In keeping with these ends, Rent Stabilization Code (“RSC”) § 2520.13, promulgated as the result of the RSL, states, in pertinent part:
An agreement by the tenant to waive the benefit of any provision of the RSL or this code is void․
(see also, Estro Chemical Co. v. Falk, 303 N.Y. 83, 87, 100 N.E.2d 146) [the “obtaining of excessive rents” by a landlord “strikes at the very purpose” of the rent law]; Cvetichanin v. Trapezoid Land Co., 180 A.D.2d 503, 504, 580 N.Y.S.2d 23, lv dismissed 79 N.Y.2d 933, 583 N.Y.S.2d 184, 592 N.E.2d 792 [“any purported waiver of rent stabilization rights in a settlement agreement is invalid as a matter of public policy”].
Moreover, RSC § 2525.3(b) expressly, and unequivocally, prohibits the utilization of non-primary residence clauses to circumvent the provisions of the RSL. That section provides:
No owner or other person shall require a tenant, prospective tenant or a prospective permanent tenant to represent or agree as a condition of renting a housing accommodation that the housing accommodation shall not be used as the tenant's or prospective tenant's primary residence, or the prospective permanent tenant's principal residence.
(see also, Urban Assocs. v. Hettinger, 177 A.D.2d 439, 576 N.Y.S.2d 282, lv. denied 79 N.Y.2d 759, 584 N.Y.S.2d 447, 594 N.E.2d 941 [where this Court held that Landlord and Tenant could not, by private agreement, deregulate an apartment as such an agreement would violate the provisions of RSC § 2525.3(b) ] ).
In the case at bar, the Lease and the Rider are in violation of RSC § 2520.13, since they require the tenant to waive a benefit of the RSL; and are in further violation of RSC § 2525.3(b) since they require plaintiff to enter into a lease on the condition that it be rented as a non-primary residence, thereby rendering them void ab initio and unenforceable. The Landlord's Lease agreement to deregulate the Apartment contravenes the RSL's purpose of providing affordable housing to city dwellers by removing from the market an existing stabilized apartment, which act is prohibited by the law.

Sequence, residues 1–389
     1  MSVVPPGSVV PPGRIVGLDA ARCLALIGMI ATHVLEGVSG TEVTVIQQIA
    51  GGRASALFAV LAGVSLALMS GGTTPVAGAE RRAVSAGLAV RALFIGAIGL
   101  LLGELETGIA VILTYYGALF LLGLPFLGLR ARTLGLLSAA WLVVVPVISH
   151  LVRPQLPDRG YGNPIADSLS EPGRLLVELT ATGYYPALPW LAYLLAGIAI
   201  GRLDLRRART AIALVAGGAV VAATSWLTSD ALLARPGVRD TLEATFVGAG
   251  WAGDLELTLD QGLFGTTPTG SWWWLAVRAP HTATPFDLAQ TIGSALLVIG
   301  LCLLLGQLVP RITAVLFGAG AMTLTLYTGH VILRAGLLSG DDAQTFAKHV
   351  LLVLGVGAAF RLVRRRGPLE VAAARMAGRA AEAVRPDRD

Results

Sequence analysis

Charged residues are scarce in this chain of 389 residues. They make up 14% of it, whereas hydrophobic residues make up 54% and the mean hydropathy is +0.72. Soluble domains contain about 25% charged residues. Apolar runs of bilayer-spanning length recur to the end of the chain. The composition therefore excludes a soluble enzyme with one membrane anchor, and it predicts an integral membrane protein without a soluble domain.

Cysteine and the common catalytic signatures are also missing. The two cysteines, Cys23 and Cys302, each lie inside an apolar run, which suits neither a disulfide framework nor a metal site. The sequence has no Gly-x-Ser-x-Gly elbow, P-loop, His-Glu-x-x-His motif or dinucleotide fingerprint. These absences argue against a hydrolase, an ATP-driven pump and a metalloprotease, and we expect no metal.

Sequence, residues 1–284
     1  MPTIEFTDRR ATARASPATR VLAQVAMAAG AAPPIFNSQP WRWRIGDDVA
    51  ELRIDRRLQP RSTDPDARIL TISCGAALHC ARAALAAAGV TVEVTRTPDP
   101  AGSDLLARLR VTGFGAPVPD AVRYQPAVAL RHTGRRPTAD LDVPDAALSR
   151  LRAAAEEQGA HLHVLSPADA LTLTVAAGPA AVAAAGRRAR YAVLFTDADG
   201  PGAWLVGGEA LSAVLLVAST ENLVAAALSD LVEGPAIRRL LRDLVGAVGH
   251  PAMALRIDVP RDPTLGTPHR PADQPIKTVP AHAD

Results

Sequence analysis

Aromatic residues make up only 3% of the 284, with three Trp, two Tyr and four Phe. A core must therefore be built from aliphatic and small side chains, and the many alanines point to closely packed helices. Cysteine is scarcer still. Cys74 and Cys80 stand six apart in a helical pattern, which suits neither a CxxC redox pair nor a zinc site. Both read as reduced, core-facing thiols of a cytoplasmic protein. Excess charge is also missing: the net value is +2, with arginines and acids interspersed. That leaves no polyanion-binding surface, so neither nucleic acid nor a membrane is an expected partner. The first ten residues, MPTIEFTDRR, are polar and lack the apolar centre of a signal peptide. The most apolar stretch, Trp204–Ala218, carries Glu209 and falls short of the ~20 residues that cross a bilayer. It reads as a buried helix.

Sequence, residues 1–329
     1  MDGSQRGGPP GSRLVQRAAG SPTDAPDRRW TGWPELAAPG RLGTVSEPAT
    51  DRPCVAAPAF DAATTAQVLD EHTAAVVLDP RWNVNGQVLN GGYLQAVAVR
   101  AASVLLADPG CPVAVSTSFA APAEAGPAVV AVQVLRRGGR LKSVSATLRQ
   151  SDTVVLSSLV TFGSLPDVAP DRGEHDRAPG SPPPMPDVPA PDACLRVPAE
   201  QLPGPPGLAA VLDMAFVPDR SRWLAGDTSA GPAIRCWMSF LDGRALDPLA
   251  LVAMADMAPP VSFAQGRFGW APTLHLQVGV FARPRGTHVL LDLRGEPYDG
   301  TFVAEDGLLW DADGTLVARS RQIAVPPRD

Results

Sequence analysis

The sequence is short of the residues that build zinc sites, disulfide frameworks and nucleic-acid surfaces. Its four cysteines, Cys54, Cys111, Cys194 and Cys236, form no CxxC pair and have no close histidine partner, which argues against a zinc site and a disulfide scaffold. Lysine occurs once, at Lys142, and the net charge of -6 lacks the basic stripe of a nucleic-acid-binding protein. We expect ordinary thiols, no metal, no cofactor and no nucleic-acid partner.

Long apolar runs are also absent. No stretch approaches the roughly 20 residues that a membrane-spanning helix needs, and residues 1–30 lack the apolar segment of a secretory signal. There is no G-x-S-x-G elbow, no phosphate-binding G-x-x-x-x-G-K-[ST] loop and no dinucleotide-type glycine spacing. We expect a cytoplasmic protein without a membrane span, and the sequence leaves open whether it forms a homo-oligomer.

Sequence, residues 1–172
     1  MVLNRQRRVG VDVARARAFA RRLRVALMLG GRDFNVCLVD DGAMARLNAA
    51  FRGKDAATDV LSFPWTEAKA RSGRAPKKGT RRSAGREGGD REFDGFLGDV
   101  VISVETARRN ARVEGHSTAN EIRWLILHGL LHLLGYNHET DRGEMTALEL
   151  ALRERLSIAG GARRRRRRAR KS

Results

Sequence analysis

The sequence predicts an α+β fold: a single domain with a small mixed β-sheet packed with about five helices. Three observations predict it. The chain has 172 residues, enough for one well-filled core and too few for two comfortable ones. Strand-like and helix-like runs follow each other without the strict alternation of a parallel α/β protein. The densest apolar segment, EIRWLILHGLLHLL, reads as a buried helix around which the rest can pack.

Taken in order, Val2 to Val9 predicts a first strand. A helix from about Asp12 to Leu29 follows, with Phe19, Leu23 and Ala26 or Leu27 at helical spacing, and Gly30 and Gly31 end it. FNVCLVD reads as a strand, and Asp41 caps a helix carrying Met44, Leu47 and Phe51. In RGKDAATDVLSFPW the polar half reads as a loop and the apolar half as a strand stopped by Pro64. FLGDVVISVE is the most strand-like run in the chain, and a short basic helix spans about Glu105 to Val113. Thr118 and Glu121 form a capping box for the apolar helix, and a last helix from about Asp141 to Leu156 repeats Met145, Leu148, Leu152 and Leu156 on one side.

Further, the evidence overwhelmingly supports plaintiff's contention that she was required to sign the Lease as a non-primary resident in order to obtain the apartment. This was substantiated by the affirmation of Richard Zalk, an attorney who represented plaintiff in a matrimonial action during the time the Lease was executed. Annexed to Mr. Zalk's affirmation is a letter from the Landlord's rental agent, Rita Citrin, to Mr. Zalk, in which Ms. Citrin states:
A condition of this lease is that [Ms. Draper] maintain it as a non-primary residence, which is explained in the rider.
The Landlord does not endeavor to explain this letter. Plaintiff avers that she was compelled by the Landlord to list in the Apartment application her then-present address as 19 Nile Drive, Woodstock, New York, which is the home of her parents, instead of her actual address at the time, which was on 89th Street in Manhattan. At that time, plaintiff was employed by Mark Goodson Productions, 375 Park Avenue, New York, New York, where she worked as a production assistant for five years; and her bank account was at the Park Avenue branch of the Bank of New York in Manhattan.